31.Delegations not supporting the adoption of the proposed draft provisions pointed out that:
i.Addition of food additives in FC 01.1.2 with the technological functions of emulsifier and stabilizer could mislead consumers as these additives could also have other technological functions, such as thickener which, for this category, was not justified in accordance with Section 3.2 of the preamble of the GSFA; and
ii.Food products covered under FC 01.1.2 may be used in production of food for children and therefore the use of food additives in FC 01.1.2 should be addressed together with the provisions relating to FC 01.1.1.
32.Delegations supporting the adoption of these provisions were of the view that:
i.These food additives had been evaluated by JECFA with Acceptable Daily Intakes (ADIs)of “not specified” and there had been consensus after extensive discussions at several sessions of CCFA; and
ii.The use of these food additives in this food category is limited to emulsifier or stabilizer only, which was technologically justified and would not mislead consumers.
33.CAC42adopted the proposed draft provisions related to FC 01.1.2 with the technological functions of emulsifier and stabilizer only, at Step 5/8.34.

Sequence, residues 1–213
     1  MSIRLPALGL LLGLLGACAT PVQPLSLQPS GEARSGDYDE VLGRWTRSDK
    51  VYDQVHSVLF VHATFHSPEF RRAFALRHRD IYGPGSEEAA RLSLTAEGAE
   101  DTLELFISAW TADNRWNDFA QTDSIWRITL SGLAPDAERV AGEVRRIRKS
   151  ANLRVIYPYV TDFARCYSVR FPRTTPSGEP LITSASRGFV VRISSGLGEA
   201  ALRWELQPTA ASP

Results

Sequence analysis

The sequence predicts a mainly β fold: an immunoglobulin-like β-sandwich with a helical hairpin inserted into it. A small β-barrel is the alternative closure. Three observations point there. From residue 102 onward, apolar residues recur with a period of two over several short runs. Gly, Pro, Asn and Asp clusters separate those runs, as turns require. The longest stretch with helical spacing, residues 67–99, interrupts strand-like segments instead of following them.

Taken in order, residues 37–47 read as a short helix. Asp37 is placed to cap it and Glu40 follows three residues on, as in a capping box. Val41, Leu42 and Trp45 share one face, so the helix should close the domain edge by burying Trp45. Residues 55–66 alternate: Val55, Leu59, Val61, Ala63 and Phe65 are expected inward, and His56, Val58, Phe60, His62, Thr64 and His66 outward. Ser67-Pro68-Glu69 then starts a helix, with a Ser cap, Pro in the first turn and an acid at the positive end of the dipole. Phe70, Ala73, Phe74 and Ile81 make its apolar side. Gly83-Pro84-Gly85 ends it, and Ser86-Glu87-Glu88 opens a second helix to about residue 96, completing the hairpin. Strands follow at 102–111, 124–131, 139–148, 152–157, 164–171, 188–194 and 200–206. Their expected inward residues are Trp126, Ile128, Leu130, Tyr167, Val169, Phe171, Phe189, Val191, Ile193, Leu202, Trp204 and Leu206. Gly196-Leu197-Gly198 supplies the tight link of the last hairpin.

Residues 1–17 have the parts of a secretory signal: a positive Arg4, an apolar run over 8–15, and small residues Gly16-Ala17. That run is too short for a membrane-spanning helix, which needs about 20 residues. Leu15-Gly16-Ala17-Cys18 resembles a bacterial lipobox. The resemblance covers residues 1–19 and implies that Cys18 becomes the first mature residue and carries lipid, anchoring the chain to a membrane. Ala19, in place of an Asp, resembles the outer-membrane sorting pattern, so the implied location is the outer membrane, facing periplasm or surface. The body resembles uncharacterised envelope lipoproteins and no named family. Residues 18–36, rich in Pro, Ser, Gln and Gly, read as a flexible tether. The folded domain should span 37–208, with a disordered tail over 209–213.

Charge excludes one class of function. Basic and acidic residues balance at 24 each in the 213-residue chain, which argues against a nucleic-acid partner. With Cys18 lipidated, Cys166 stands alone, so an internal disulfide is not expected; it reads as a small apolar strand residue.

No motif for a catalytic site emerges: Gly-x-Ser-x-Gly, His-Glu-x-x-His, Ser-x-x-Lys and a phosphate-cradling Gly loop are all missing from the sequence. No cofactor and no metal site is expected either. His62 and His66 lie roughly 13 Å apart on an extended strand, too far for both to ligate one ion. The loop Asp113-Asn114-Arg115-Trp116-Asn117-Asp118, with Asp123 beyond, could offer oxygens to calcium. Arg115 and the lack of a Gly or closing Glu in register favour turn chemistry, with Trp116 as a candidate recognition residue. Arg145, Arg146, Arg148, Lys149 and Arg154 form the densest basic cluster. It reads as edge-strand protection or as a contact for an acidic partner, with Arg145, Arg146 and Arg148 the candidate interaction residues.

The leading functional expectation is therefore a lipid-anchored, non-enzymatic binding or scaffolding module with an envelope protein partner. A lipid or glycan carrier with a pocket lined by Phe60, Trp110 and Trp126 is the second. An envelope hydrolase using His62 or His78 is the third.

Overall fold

Costa Rica expressed their reservation to this decision.
Review of the Standard on Follow-up Formula (CXS 156-1987): Proposed draft Scope, Description and Labelling for follow-up formula for older infants – Debate about Cross Promotion
81.A delegation could not support adoption of the text as there were unresolved issues on the scope and labelling, and requested that reference to the WHO International Code of Marketing of Breast-milk Substitutes, other relevant WHO documents and relevant WHA resolutions should be included in the scope similar to the Standard on Infant Formula and Formulas for Special Medical Purposes Intended for Infants(CXS 72 –1981).
82.Other delegations supported adoption, while also noting that the issue of cross-promotion required further consideration in CCNFSDU,including from the perspective of determining if such a concept was fully consistent with the international trade rules established by WTO and WIPO. CAC42 noted that all technical comments, including those related to cross-promotion,should be resubmitted at Step 6 in reply to a Circular Letter, for consideration by the next session of CCNFSDU.
83.An observer stated that there was no need for follow-up formula and noted that because of marketing of these products, a provision on cross-promotion was needed
i.adopted the proposed draft text (scope, definition and labelling –as endorsed and amended by CCFL), and noted that the last part of section 9.6.4 on cross-promotion would be further considered by CCNFSDU;
ii.noted that CCEXEC77 had recalled and reaffirmed the advice given by CCEXEC75 regarding use of references to WHO documents and WHA resolutions.